SOUTH PADRE ISLAND, TEXAS - JANUARY 22: Boats seized from Mexican fishermen are kept behind the Coast Guard's South Padre Island station until they're destroyed to make room for more confiscated equipment. Officers apprehend dozens of fishermen every year, but almost all of them are repatriated in less than 24 hours, resuming their cross-border fishing practices shortly thereafter. (Photo by Kevin Sieff/The Washington Post) (Kevin Sieff/WASHINGTON POST)

The chase began after darkness descended on this stretch of ocean, where the U.S.-Mexico border cuts through the Gulf of Mexico.

The shark fishermen turned off the lights of their skiff before sneaking north across the border, and the U.S. Coast Guard boat followed suit, leaving six officers to find the target using a single pair of night-vision goggles.

“Those guys are north of the line,” said Petty Officer Andrew Watzek, squinting at the 25-foot Mexican skiff and then at a radar screen, where the border is a bold line extending off the coast. “They’re definitely in American waters.”

Both boats bob quietly, about 100 yards apart, on this cool night in January, until an officer pulls the throttle. The chase is on.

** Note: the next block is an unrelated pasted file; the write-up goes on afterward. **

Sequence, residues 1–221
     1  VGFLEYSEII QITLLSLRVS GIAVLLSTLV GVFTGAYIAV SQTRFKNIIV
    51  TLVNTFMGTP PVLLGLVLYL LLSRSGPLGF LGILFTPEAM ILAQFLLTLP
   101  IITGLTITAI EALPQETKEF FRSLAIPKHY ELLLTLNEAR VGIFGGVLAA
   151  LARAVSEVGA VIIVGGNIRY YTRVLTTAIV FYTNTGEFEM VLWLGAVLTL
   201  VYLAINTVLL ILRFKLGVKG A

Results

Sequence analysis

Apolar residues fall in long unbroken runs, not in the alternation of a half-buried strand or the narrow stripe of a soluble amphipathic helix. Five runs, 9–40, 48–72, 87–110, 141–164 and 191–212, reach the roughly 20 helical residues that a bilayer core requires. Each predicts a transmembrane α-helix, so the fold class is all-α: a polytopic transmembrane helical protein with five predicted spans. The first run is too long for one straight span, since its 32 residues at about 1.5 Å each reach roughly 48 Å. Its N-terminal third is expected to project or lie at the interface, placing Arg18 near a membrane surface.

On land, a few miles west, the United States has spent billions of dollars in the past decade to secure its southern border, building 670 miles of fencing and adding more than 10,000 border patrol agents. But just off the coast of south Texas, that border is wide open, unmarked and largely unpatrolled.

The men who cross it at night sometimes carry drugs and immigrants. But overwhelmingly, they’re looking for new bounty in American waters: sharks whose fins are bound mostly for China. The global trade in shark fins is worth more than a billion dollars, experts say.

Biologists estimate that Mexican fishermen annually catch more than 50,000 sharks illegally in the United States because the best shark fishing is north of the border.

“They have GPS devices. They know where they are in the gulf and what they’re doing. They’re violating the sovereignty of American waters,” said Lt. Mickey Lalor, whose fleet includes about 70 officers devoted largely to rebuffing shark fishermen.

The chase in January ended like many others — with fishermen taking off for Mexican waters and Coast Guard officers stopping just north of the border, searching for fishing gear they might have left behind.

“It’s the same game every day. They chase us, sometimes seizing our boats. And the next day we do it again,” said Eric Carillo, whose family runs a small shark fishing business just south of the border in Playa Bagdad, bringing in $5,000 to $10,000 a month. Most of their profits come from fins, but fishermen also sell shark meat to Mexico City markets.

Each year, the Coast Guard apprehends dozens, seizing thousands of dollars in gear. But the fishermen spend less than 24 hours in U.S. custody, and then they are sent back across the border.

This is hardly the first time efforts to patrol U.S. borders have moved offshore. Cartel activity has spiked in the Pacific Ocean, including a fleet of semi-submarines, and boats transporting drugs have been interdicted off the coast of Florida for decades.